On Traffic Laws (And When to Ignore Them)

It began as all good bouts of reckless driving do: gun the throttle, pop the clutch, twist the wheel. Tires squeal as the car accelerates out of the garage, into the street, front end skidding around to the proper direction. A change of gears, more throttle and the race begins.

There’s nothing quite like tearing through residential areas at 55–60 mph in the wee hours of a Sunday morning, giving red lights and stop signs a passing nod by slowing to 35. Exciting. But not really frightening. At least I didn’t think so at the time. I had too many other things on my mind. There were six miles to go, and time was already up.

A nice road like State Street warranted higher speeds. About 65–70 mph. It’s the fastest way to get there, but there are also more cops. I passed one going the other direction. Fortunately, this one appeared to be on a doughnut run and either didn’t notice or chose to ignore my flagrant violation of the speed limit. It’s just as well. I wouldn’t have stopped anyway. And neither would you if your passenger was threatening to have a baby right there in the car.

I reached the hospital in record time, pulled up to the doors, got out and hit the buzzer.

“Can I help you?” came a woman’s voice over the intercom.

“Yes. I have an urgent delivery.”

I must have sounded a bit frantic, because she didn’t ask for clarification. Three nurses and a wheelchair arrived seconds later.

In hindsight I’m rather amazed at this completely extemporaneous choice of words. It’s rather witty if I do say so myself. (And yes, I do say so myself.)

The nurses collected my wife, I parked the car and sprinted after them a minute later. The scene in Labor and Delivery was much different from the one we had left an hour earlier when they sent us home, telling Lori that she was only dilated to 3. Things had been pretty quiet up to that point. Now nurses ran this way and that getting towels, blankets and instruments. The pace picked up even more once they discovered she was fully dilated and ready to push.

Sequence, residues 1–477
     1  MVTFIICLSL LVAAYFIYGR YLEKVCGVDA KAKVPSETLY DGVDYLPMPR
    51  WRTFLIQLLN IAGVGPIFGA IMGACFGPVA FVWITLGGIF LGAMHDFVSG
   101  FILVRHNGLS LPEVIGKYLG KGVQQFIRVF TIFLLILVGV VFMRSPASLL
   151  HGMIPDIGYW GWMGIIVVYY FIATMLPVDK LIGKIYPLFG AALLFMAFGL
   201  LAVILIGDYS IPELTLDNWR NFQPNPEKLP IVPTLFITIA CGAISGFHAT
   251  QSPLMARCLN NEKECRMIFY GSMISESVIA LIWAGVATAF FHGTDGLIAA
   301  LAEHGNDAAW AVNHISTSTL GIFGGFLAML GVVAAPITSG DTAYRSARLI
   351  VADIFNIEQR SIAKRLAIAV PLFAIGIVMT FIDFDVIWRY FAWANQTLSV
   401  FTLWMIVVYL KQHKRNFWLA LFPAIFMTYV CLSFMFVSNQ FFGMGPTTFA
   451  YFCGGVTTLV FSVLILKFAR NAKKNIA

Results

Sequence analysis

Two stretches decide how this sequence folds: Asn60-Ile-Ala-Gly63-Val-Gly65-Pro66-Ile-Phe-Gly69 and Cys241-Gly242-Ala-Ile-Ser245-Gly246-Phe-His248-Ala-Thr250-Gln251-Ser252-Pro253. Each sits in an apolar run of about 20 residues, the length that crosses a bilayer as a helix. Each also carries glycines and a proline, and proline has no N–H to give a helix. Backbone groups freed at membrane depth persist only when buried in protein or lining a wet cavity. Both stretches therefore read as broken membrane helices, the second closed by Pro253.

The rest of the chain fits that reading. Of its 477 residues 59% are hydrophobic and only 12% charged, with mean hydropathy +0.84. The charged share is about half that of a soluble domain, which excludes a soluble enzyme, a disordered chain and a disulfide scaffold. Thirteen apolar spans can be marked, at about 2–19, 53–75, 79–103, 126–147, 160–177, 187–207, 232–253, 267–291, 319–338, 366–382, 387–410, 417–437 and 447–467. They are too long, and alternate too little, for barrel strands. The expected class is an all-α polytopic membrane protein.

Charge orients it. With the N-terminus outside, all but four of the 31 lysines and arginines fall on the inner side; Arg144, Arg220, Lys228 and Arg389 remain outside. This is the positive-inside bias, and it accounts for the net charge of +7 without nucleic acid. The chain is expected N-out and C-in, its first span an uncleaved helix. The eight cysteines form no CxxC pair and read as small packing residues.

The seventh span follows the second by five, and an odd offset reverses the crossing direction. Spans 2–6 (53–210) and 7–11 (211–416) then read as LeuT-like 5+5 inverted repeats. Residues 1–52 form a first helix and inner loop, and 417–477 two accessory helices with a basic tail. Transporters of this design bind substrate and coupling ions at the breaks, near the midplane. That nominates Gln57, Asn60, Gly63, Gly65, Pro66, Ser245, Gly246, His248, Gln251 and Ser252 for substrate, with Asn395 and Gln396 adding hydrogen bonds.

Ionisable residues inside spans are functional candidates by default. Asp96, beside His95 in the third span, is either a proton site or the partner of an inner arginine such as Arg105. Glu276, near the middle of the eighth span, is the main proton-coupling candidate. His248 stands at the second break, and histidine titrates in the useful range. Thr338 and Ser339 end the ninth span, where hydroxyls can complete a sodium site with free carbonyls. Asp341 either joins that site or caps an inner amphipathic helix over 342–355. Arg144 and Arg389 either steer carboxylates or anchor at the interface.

The baby was born 5–10 minutes after we arrived. The doctor arrived about 10 minutes after that.

I once asked a labor nurse how often she ended up delivering babies. Her response was, “As little as possible.” When faced with an imminent delivery in the absence of a doctor, many labor nurses will instruct their charge not to push. I’m told this is very much like starving someone for several days, putting a plate of the most delicious smelling food in front of them and telling them not to eat. The urge is almost irresistible.

Fortunately, this labor nurse was a bit more pragmatic. She said, if you need to push, then push. Try to push only hard enough to relieve the urge. But don’t worry. If you have the baby that’s great. The doctor is really only needed when there are problems. And you are definitely not having problems.

Lori seems to have a knack for pushing. Her last baby was out after about five minutes. This one took less than a minute.

Of course, the nurse was right. The baby was just fine.

Don’t Panic!

September 7, 2003. Pat Ekman
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